I promised you some good news this morning, but before we go there, you, in turn, have to promise me you’re not gonna take what I’m about to say as license to drop your guard and completely misbehave! To wit, Hong Kong, a city of 7.5 million people just a stone’s throw from mainland China, was lauded as a model for coronavirus containment, having suffered just 150 cases.
But then they allowed the people who fled the island in fear to return, and now their coronavirus cases have doubled in the past week. And when you have that mass of humanity crammed into a 427 square mile area, it’s not a very encouraging sign.
Honk Kong officials are working to re-contain the virus
So now that we understand each other, let’s review the latest Illinois coronavirus curve:
Date Total Cases Deaths % Increase Mortality Rate
3/18 288 78 percent
3/19 422 46.5 percent
3/20 585 37 percent
3/21 753 29 percent
3/22 1,049 39 percent
3/23 1,285 12 22.5 percent .9 percent
My fear was the 39 percent Friday to Saturday percentage increase was the start of a new upward trend, but even though we’re not nearly out of the woods yet, the most recent 22.5 percent rise is more in line with our general downward progression.
Starting March 19, if we eliminate the probable 3/22 noise and subtract the current day’s increase from the previous, we get a mathematical sequence that looks like this:
-9.5, -8, -6.5
You see it, right? Simply subtract 1.5 from the previous number to get the newest array member. Though I’d certainly like to see more data before making any final proclamation, the odds of this numeric series being purely random are pretty slim.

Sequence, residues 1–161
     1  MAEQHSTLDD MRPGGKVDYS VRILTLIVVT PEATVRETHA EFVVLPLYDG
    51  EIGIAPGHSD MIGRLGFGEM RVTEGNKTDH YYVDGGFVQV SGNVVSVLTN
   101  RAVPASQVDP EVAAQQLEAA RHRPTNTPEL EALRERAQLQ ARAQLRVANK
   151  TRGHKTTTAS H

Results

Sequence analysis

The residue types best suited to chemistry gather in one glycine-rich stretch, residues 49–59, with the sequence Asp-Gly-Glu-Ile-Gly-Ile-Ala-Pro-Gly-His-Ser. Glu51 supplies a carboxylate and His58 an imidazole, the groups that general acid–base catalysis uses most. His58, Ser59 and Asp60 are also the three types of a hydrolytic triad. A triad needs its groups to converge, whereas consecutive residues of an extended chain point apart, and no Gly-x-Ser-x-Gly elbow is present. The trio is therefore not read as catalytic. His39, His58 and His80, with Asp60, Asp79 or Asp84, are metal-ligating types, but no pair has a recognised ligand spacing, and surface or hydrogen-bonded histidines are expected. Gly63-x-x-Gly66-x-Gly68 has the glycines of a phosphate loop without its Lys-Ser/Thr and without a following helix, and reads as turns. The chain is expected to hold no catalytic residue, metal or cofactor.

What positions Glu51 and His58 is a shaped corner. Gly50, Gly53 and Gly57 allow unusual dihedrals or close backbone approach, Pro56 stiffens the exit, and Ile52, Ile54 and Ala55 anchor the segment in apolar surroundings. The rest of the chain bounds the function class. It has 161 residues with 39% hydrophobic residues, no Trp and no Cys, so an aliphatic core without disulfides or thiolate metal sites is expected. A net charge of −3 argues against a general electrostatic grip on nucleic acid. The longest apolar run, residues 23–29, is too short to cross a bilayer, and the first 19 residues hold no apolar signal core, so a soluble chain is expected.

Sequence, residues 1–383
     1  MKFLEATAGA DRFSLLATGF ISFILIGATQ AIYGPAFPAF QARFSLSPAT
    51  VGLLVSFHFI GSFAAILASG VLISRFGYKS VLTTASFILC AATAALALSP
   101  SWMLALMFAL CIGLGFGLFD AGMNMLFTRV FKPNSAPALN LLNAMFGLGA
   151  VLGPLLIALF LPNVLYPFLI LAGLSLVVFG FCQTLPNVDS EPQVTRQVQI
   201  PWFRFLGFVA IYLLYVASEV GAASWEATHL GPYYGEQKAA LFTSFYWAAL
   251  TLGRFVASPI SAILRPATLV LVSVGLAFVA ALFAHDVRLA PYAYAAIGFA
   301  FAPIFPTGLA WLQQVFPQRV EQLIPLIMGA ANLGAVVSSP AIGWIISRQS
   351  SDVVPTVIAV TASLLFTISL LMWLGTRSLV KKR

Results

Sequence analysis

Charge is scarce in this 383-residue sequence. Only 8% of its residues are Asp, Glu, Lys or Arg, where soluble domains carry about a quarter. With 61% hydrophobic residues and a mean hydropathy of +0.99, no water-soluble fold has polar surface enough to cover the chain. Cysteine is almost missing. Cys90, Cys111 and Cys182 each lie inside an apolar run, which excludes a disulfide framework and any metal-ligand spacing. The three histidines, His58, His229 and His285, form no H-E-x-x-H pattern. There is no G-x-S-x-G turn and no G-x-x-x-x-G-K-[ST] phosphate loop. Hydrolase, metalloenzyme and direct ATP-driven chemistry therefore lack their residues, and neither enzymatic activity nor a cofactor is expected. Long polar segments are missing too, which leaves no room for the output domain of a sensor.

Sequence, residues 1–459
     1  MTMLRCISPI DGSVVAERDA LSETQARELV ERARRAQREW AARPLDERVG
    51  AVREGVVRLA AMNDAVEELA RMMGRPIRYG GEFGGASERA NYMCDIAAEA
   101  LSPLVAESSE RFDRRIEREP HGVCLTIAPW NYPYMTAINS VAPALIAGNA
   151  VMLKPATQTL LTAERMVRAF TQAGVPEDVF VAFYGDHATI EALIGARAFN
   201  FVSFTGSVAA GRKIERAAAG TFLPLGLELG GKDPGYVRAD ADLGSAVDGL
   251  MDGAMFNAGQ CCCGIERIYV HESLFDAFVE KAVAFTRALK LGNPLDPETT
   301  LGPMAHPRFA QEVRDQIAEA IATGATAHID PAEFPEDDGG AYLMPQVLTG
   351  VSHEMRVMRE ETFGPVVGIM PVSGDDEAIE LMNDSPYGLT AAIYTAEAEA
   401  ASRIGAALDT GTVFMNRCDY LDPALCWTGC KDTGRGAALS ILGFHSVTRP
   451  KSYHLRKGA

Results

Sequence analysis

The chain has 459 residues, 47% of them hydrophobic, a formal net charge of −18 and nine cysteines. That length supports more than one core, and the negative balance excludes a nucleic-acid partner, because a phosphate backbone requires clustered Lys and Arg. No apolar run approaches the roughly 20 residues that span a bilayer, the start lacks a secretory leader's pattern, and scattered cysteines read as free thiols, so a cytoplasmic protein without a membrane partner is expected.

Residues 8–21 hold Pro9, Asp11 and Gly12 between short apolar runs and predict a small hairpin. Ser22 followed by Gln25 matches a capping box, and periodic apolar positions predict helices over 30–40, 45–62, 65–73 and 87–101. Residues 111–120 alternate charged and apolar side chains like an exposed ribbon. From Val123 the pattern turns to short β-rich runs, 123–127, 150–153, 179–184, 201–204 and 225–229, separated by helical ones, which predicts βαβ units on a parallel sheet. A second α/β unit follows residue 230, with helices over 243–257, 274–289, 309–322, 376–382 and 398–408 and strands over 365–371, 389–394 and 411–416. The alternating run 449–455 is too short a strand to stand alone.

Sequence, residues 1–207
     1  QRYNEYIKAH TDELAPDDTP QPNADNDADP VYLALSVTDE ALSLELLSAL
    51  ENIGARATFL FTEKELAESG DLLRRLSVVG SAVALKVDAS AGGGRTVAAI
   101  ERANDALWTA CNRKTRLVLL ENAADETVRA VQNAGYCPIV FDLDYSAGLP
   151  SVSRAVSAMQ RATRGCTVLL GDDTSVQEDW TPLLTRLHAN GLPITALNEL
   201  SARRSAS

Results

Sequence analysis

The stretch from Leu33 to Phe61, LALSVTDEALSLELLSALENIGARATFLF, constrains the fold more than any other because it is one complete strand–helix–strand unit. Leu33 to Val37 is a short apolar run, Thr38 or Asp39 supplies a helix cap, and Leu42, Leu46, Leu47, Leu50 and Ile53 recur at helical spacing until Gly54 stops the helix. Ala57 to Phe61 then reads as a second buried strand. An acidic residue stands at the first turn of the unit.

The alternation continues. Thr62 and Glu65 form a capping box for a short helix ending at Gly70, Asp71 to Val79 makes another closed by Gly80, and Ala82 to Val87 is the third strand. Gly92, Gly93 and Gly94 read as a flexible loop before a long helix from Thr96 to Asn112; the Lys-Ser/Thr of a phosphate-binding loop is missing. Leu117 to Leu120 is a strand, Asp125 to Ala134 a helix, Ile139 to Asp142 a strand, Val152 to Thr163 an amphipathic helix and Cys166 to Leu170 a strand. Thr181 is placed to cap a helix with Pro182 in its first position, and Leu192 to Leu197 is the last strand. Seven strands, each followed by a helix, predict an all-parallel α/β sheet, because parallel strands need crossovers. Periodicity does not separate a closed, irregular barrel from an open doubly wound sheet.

I know there’s a way to test for randomness in a set, and I’m sure I knew how to do it at one time, but while I regularly apply mathematics to the candidates I manage, those University of Loyola statistics classes are a somewhat distant memory.
Put more simply, I tend to deal with pattern recognition and not standard deviations these days.
A much clearer indication of our state’s coronavirus containment success is to compare our case totals to other states:
New York 21,689
New Jersey 2,844
Illinois has already dropped to from fourth to sixth place, and Florida is on a trajectory to pass us today or tomorrow.
Meanwhile, astute readers continue to consider the possibility of a large pool of unreported cases eventually skewing the Illinois curve. But the problem with their theory is, it’s virtually impossible to have two equal and somewhat opposite trends.
Please allow me to explain!
The reported cases are generally the more serious ones where those with the ailment visit their doctor or some other medical facility for care. That’s how they’re counted. And we’re overly concerned with those folks because, left unchecked, the difficult cases would quickly overwhelm our ICU beds and ventilators.
If there was a vast pool of asymptomatic and silent Illinois sufferers, they would be infecting others at an alarming rate, which would directly lead to higher daily serious coronavirus percentage case increases, not smaller ones.
The only other statistical possibility would be that successful social distancing is offsetting the potential unreported masses. So, whether we agree on that possibility or not, the numbers indicate that we invariably end up in the same place!
Again, if we let down our guard just like Hong Kong did, that trend will quickly reverse, so keep up the good work Illinois!